What is Human Factors Psychology?
I get this question nearly on the daily, not even joking. So you'd think my elevator pitch would roll off the tongue without me even having to put in a thought, well it doesn't. The reason I don't have a scripted response is that whenever I try to answer this question, I make an attempt to relate the field to something the person knows a lot about. This is because it really does apply to nearly everything, at least everything that involves humans.
According to the Human Factors and Ergonomics Society (HFES, 2000), Human Factors is defined as: Ergonomics (or human factors) is the scientific discipline concerned with the understanding of interactions among humans and other elements of a system, and the profession that applies theory, principles, data, and other methods to design in order to optimize human well-being and overall system performance.
For a pilot: I might say, well the entire field of aviation safety is related to Human Factors. Human Factors research is how we determine the minimum rest cycle an aviator can have before going to fly, or where to place and how to label switches in the cockpit to ensure intuitive flow and avoid errors. Have you ever wondered how it was determined that airline flights require pressurized cabins? How do we determine the number of negative G-forces the average person can take before they redout? That's Human Factors research in action.
For a software developer: I can first bring up the field of User Experience or UX. This usually gets them on track quick. User Experience is simply a more focused type of Human Factors. How do we ensure that user will know what to do next in the system? What is the right amount of intuitive design versus required user training? We often have to make tradeoffs for how easily we want a person to be able to understand the information they are receiving at the cost of how much information we can deliver.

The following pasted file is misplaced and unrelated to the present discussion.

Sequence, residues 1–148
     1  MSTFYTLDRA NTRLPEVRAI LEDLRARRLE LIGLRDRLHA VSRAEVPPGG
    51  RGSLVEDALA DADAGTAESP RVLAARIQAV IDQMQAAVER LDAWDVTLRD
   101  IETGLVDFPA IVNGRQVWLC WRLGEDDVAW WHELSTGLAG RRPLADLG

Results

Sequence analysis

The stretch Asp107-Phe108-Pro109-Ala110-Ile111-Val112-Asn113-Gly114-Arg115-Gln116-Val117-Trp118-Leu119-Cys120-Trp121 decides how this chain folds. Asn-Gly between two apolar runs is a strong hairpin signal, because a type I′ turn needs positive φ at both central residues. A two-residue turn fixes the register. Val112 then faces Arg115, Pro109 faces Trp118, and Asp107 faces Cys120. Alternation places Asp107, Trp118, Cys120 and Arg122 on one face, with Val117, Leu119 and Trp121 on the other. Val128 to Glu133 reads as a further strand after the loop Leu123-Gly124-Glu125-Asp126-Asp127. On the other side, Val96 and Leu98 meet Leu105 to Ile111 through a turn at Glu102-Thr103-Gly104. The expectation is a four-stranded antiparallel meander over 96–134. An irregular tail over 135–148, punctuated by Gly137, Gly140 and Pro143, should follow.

For a high school teacher: I might ask them how often they give tests to their students? Follow that up with how do they know that the test is actually measuring their depth of knowledge? Then ask the really controversial question of whether or not they think homework improves knowledge retention. Work by Cooper et al. (2006) found correlations between homework completion and achievement in older students (Grades 7th-12th). However as the saying goes, correlation does not equal causation. Observational research is considered amongst the weakest forms of studies in scientific communities, paling in comparison to robust controlled experimental methods. In this instance, students who had greater achievement could simply be doing the homework because they are focused on achieving, this does not necessarily mean that the homework contributed to their achievement in any way.
For a fast-food service worker: I would ask them how often they get an angry customer who wants a refund? What percentage of time is that customer a repeat complainer? Why do you think they keep coming back if they are unhappy with the service? In fast-food service, the staff often see the same customers coming back shouting at them that their order is all wrong. The manager promptly refunds their money and replaces the food order. This reinforces the behavior, thus leading to the customer complaining again. Thus the customer has built a mental model and developed a system of how to get cheap or free food. The habitual complainers tend to cycle through the establishment every few weeks, when they feel that enough time has passed that the staff have forgotten the interaction. Well, I have news for you, they remember exactly who you are and how you treated them.
Point being, if humans are involved, I can easily find a Human Factors application. As esoteric as the terminology seems, it's perhaps one of the most commonly understood concepts among people, they just never knew how to label. Now you do!
Cooper, H., Robinson, J. C., & Patall, E. A. (2006). Does Homework Improve Academic Achievement? A Synthesis of Research, 1987–2003. Review of Educational Research, 76(1), 1–62. https://doi.org/10.3102/00346543076001001